Blandford, Mass. — When Dr. Hazel Holman showed a state environmental regulator into her rural Massachusetts practice last year, she noted
the inspector's easygoing manner as he ran down a compliance checklist.
Several citations and $26,000 in fines later, the small-animal veterinarian with just 1,800 clients has an altered view of
that visit. Holman, who with the help of an attorney got her penalty dropped to $3,000 and has an appeal pending, is one of
34 veterinary practices targeted so far by the Department of Environmental Protection's (DEP) Western Regional Office since
October 2006. The agency, on a mission to clean up ecological contaminates generated by veterinary medicine, refuses to release
totals of fines administered. Yet it's clear that rural practices, namely those tied to septic systems, are vulnerable to
Dr. Hazel Holman, Blandford, Mass.
DEP Section Chief Saadi Mota-medi, whose signature appears on many of the 26 inspection-related cases obtained by DVM Newsmagazine via a Freedom of Information Act request, refused to comment about his office's latest target, the veterinary medical sector.
Such crackdowns aren't unique to Massachusetts, with governmental officials and environmentalists becoming increasingly wary
of health hazards tied to medical waste, citing reports of antibiotics, mercury and infectious agents leaching into national
water supplies. While the U.S. Environmental Protection Agency governs many medical waste streams, state regulators generally
cover infectious materials disposed of by small businesses, including veterinary medical practices.
Inspections often are considered invaluable for ensuring regulatory compliance, yet detractors argue that the DEP officials
made no effort to alert Massachusetts veterinarians before embarking on its four-county probe of practices. The DEP's interpretation
of state environmental laws is overbroad and far too restrictive, critics contend. Specific rules do not exist for veterinary
medicine, although a related DEP fact sheet was issued after the start of inspections.
"The way the law is written, anything that doesn't come out of a kitchen and bathroom is considered industrial waste and needs
to be connected to hazardous waste-holding tanks," says Holman, fined for improperly disposing of X-ray silver and several
more minor infractions. "So if the DEP came back in here today, they could shut me down. That's very frightening to me. Until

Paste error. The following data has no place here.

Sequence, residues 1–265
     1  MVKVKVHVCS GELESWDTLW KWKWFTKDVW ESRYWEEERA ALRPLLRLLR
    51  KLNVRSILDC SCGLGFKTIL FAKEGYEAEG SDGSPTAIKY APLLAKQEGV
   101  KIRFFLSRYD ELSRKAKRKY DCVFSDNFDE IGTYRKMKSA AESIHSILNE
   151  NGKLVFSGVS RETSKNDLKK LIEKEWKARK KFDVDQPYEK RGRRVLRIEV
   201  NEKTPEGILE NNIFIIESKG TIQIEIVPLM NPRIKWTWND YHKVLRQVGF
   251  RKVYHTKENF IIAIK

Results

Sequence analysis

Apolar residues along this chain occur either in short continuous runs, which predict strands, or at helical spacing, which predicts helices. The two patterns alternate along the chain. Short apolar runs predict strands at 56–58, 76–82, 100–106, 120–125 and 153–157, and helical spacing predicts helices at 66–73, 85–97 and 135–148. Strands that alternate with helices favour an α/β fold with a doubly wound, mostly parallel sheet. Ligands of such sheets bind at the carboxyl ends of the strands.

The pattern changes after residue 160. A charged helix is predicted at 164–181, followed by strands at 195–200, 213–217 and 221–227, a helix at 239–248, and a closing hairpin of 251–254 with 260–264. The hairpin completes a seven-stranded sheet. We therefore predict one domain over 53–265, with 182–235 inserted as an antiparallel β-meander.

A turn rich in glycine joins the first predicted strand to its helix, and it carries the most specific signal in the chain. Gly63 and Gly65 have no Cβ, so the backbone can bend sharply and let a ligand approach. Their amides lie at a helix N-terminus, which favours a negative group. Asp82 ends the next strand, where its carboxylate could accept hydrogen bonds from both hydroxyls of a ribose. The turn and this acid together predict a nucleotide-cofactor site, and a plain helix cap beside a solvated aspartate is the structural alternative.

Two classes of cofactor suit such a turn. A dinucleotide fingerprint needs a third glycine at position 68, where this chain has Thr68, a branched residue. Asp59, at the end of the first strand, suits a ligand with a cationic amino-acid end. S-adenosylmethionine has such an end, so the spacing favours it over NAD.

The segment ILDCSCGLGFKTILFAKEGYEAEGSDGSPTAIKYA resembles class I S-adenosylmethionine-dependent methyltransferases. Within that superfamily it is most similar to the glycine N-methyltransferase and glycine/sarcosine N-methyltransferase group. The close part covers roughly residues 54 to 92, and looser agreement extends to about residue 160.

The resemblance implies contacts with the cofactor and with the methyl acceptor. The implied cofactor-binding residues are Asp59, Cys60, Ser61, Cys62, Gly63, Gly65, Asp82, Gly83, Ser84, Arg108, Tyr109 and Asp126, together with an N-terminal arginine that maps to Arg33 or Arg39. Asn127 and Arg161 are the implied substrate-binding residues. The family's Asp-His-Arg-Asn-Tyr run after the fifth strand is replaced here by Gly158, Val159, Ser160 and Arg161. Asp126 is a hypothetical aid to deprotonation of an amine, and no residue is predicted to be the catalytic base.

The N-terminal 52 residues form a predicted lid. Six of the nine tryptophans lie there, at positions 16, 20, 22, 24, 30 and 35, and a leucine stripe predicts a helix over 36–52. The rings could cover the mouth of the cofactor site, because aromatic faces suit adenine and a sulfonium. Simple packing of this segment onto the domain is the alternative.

they change that language, I'm not going to sleep at night. I could never afford such a huge expense; it would put me out
In an area where practices are small and clients are scarce, rural Massachusetts veterinarians find themselves facing state-government
fines for alleged environmental infractions. Originally penalized $26,000 for improperly disposing of X-ray solution, Dr.
Hazel Holman fears further repercussions despite a reduced assessment. "Six surgeries is a busy day around here," she says.
"I can hardly afford to fight something like this."
DEP spokeswoman Eva Tor explains that the state's hazardous-waste laws have been in place "for a long time" and such strict
interpretations are not anticipated. As for penalties, they're calculated in state regulations, with a $25,000 statutory maximum
for first-class violations that include the discharge of hazardous materials into the environment.
The DEP's settlement assessment system, while complicated, is negotiable, she adds.
"The majority of the clinics did not have serious problems, and our fines aren't finalized," Tor says. "We prefer to negotiate
settlement agreements and a return to compliance with those parties that are cited in enforcement conferences."
There's a lot of flexibility in those meetings, insiders agree. But gray areas of the state's medical waste laws concern Susan
Weinstein, a lawyer and executive director of the Massachusetts Veterinary Medical Association. She plans to meet with DEP
officials for clarification.
"You can rinse off a vial and have some powder on your hands, and state regulations say that water should be piped separately
to a holding tank. No one has a good answer for getting rid of medications," she says. "The bottom line is that regulations
can't be such that they put responsible veterinary practices out of business. The number of things that need to be different
is growing. There has to be a reasonable means of compliance, and it needs to be outlined in the law. We're getting questions
almost daily on this."